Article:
On December 22, four researchers from the Imperial College London and Cornell University, including professor Emin Gün Sirer, released a lightweight trusted execution environment (TEE)-based solution called Teechan, which acts as a high throughput off-chain transaction protocol on top of the original bitcoin network. Structurally and conceptually, it is similar to the Bitcoin Core development team’s Lightning Network, except for one main difference; Teechan relies on hardware.
By utilizing hardware components in processors like Intel CPUs with Software Guard Extensions (SGX), Teechan secures off-chain transactions at a rate of 2480 transactions per second, with settlement latency overheads of 0.4 milliseconds. In comparison to the Bitcoin network’s current throughput of 7 transactions per second, it can settle nearly 355 times as many transactions.
Gün Sirer further described Teechan as a more efficient variant of the Lightning Network, as it creates significantly fewer alterations to the underlying protocol of Bitcoin.
“While this can potentially improve scale immensely, these protocols, also, require substantial changes to the underlying protocol. Specifically, Lightning Network implementations are vulnerable to transaction malleability, whose current proposed fix, SegWit, has become mired in controversy, partly as a result of its implementation complexity,” said Gün Sirer.
In a technical standpoint, Teechan also demonstrates major differences compared to Lightning Network (LN) in its reliance on TEEs. It creates lightweight duplex payment channels to settle transactions through secured hardware, built around SGX.
Like the Bitcoin protocol’s immutability, SGX also eliminates the possibility of data alteration, by using a special construct called an enclave. Through the memory of enclave, data is encrypted and cannot be decrypted until a particular hash generates accurate encryption keys. Thus, even if hackers gained access to the enclave code, without the particular hash, encryption keys cannot be obtained, and data can’t be altered.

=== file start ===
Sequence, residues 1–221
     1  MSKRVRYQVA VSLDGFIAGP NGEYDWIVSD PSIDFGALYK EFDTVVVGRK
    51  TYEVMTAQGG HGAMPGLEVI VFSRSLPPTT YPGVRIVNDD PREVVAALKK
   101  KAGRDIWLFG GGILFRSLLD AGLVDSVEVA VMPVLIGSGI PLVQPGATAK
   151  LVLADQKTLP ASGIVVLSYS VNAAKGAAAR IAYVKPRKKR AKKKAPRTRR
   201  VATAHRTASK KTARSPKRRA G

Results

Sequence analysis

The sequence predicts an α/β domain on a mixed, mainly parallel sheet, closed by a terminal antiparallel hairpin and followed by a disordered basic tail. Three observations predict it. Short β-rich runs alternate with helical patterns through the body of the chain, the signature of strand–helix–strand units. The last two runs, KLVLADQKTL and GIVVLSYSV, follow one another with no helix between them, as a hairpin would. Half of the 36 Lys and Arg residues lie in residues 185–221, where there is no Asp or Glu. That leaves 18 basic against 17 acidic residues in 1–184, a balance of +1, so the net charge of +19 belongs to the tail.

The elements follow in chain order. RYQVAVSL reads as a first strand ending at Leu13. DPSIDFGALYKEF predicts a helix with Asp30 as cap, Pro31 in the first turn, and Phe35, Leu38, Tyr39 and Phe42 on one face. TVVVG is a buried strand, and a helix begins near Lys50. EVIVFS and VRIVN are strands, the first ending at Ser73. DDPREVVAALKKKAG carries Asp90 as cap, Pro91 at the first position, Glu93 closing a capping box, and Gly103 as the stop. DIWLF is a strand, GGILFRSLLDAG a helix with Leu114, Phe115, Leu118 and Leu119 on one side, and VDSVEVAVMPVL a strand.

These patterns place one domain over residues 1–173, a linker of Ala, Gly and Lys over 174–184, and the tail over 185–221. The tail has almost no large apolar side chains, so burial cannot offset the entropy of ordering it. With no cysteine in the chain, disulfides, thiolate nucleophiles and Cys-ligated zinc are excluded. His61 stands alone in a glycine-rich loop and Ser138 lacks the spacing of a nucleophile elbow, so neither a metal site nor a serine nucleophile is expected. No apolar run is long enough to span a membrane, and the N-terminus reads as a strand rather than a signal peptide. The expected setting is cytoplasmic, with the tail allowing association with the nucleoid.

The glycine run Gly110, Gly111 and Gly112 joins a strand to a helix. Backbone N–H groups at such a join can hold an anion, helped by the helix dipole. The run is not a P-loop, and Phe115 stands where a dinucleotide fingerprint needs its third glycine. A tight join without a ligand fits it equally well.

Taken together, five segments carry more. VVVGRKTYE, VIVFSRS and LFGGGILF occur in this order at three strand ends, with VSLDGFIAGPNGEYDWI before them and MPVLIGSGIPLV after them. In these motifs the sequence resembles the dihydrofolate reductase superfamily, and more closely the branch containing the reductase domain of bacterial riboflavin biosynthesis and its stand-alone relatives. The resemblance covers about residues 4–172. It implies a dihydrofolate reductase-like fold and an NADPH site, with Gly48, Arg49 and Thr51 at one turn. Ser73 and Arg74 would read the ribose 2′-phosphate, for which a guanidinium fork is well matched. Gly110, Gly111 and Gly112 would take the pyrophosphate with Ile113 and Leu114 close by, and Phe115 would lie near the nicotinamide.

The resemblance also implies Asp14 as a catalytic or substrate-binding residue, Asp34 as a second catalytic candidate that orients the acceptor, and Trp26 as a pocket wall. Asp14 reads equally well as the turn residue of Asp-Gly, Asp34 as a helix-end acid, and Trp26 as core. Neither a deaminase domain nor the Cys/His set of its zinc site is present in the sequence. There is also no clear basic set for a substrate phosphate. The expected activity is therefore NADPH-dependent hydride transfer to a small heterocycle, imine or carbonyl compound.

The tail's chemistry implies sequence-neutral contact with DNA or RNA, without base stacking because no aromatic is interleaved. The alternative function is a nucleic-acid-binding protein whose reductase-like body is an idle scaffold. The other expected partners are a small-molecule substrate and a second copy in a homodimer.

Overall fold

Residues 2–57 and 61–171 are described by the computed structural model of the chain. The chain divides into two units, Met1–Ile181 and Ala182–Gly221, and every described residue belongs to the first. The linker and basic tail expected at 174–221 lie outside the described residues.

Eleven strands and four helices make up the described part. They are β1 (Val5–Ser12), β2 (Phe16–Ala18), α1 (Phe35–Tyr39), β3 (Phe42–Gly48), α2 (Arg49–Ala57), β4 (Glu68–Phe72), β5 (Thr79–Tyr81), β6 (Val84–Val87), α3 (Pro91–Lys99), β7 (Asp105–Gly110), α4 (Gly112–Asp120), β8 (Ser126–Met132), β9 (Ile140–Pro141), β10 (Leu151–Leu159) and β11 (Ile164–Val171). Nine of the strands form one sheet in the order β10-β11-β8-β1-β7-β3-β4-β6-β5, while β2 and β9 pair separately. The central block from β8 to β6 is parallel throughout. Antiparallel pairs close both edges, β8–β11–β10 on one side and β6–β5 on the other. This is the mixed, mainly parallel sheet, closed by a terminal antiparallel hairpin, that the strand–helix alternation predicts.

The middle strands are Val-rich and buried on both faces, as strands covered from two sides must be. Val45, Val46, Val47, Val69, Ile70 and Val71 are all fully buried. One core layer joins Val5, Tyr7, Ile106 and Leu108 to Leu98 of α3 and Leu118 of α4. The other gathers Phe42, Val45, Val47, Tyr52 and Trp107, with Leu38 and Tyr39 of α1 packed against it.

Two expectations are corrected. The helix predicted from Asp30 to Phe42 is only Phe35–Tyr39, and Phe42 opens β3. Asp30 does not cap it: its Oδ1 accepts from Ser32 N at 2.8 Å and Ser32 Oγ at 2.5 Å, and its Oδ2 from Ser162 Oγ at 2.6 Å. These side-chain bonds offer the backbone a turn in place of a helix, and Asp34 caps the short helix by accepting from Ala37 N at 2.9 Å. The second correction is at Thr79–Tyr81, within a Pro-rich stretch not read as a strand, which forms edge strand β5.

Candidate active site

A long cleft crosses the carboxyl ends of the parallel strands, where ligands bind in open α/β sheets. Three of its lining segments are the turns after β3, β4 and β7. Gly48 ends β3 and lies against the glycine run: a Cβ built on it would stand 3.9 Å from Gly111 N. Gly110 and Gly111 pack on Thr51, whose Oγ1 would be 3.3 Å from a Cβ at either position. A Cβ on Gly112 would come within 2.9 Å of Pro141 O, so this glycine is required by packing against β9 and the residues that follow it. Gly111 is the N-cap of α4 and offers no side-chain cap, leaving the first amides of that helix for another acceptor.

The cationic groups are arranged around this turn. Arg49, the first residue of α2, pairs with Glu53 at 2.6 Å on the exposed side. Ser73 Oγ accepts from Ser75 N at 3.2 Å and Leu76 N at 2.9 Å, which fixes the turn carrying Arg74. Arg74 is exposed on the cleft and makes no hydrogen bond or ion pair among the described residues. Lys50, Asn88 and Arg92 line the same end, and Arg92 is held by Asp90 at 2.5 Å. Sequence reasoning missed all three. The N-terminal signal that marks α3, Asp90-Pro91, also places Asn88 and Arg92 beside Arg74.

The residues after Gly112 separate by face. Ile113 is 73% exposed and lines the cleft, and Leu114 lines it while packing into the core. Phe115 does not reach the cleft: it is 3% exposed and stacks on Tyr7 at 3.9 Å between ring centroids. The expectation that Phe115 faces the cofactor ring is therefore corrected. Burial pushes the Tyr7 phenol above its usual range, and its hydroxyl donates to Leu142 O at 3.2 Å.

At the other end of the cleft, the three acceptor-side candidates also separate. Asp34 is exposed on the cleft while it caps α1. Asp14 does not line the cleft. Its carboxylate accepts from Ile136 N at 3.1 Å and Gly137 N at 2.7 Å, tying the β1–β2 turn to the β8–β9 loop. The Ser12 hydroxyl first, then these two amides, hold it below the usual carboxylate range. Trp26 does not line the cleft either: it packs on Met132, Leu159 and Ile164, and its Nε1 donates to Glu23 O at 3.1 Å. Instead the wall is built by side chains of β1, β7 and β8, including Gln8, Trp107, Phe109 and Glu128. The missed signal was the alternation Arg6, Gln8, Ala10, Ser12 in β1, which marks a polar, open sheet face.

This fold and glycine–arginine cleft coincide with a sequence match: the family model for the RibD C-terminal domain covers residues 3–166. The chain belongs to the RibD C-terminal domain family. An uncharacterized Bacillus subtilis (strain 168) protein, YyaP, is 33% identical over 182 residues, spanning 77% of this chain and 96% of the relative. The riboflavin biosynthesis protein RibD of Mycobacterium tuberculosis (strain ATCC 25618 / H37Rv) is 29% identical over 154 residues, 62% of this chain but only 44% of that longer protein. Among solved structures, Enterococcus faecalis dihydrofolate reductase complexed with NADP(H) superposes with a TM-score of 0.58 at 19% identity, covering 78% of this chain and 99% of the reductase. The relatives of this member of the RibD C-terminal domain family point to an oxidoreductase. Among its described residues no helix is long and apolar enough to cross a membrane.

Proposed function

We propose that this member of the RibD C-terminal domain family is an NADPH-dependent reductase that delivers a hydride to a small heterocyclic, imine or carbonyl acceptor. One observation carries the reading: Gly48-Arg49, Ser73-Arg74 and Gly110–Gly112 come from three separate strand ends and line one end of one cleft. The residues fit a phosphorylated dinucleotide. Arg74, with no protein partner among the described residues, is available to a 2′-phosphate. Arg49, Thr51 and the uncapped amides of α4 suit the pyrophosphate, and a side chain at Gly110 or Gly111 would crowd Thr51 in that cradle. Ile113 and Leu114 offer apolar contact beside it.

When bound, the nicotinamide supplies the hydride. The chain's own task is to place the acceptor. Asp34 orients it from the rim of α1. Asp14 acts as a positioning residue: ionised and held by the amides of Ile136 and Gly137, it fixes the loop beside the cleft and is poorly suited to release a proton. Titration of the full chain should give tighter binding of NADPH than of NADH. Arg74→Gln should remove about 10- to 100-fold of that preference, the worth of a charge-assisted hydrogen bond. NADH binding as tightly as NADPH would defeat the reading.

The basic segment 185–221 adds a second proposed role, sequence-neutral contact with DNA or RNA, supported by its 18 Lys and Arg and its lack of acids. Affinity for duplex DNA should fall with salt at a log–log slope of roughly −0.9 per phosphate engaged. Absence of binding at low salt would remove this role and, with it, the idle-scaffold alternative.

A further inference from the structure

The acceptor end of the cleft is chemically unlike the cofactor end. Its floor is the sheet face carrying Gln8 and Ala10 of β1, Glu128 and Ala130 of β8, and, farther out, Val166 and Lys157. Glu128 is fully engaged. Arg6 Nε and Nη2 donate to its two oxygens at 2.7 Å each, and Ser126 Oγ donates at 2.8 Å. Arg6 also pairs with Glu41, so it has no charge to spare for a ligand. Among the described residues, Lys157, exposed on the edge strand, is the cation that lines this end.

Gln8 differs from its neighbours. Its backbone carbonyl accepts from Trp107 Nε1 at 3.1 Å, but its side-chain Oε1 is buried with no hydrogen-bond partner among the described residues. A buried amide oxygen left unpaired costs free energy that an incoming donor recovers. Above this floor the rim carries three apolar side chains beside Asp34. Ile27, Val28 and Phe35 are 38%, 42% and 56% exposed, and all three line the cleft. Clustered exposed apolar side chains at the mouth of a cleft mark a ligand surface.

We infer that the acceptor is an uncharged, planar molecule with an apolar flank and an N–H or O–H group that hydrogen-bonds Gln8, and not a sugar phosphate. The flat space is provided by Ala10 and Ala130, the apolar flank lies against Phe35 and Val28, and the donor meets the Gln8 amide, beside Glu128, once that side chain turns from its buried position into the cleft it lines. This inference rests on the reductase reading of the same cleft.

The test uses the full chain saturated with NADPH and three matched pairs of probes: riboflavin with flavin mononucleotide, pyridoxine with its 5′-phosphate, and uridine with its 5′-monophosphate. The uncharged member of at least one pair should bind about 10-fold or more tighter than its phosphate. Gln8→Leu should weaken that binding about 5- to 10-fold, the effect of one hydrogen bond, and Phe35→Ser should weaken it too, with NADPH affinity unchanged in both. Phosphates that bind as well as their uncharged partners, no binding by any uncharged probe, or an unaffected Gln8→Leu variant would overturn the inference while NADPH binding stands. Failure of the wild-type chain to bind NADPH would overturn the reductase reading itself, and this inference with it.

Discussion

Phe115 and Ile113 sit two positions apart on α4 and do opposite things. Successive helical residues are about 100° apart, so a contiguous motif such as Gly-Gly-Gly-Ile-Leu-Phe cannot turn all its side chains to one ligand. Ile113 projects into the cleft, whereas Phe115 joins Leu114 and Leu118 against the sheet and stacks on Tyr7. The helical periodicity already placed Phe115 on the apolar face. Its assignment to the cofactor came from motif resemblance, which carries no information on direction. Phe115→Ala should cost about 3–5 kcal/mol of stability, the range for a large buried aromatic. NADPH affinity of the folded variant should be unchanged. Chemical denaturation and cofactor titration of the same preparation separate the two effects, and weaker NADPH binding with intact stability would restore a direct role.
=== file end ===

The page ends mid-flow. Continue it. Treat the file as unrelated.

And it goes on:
Gün Sirer and the rest of his team including Imperial College Associate Professor Peter Pietzuch, Imperial College London Ph.D. student Joshua Lind and post-doc in Cornell University Ittay Eyal, stated various advantages secure hardware dependence provides to users.
One of the main benefits of using Teechan is the substantially quicker money transmission; a single message is used to settle transactions.
“Sending money with Teechan is incredibly fast because payments are completed with a single message. The alternatives are either DMC, which puts a bound on the maximal amount transacted in a single direction of the channel (deposit amount times max number of channel resets,) or LN, which requires multiple round trips between the two parties to complete a single transaction,” said Gün Sirer.
However, Peter Todd amongst other experts criticized Teechan due to its dependence on Intel hardware and has yet to obtain a license from Intel yet, which may place the project on hold.
.@el33th4xor finally admits that Teechan is useless w/o a license from Intel, and they don't have one: https://t.co/k2BXQPO7x4#vaporware
— Peter Todd (@petertoddbtc) December 24, 2016
Bitcoin Core developer Greg Maxwell also commented on Gün Sirer’s Teechan, inquiring how the team acquired a license to use Intel’s secure mode with remote attest. Maxwell explained that he and Todd worked on a project also based on remote attesting trusted computing to improve Bitcoin security a few years ago.
In response, Gün Sirer stated:
“Any parties wishing to acquire such a license need to converse with Intel: they do grant such licenses, though we are in no position to explain their business decisions or processes. Greg has mentioned that his company has had difficulty obtaining one, though his interactions took place a few months ago, with someone who has now left the company, so they may not be representative.”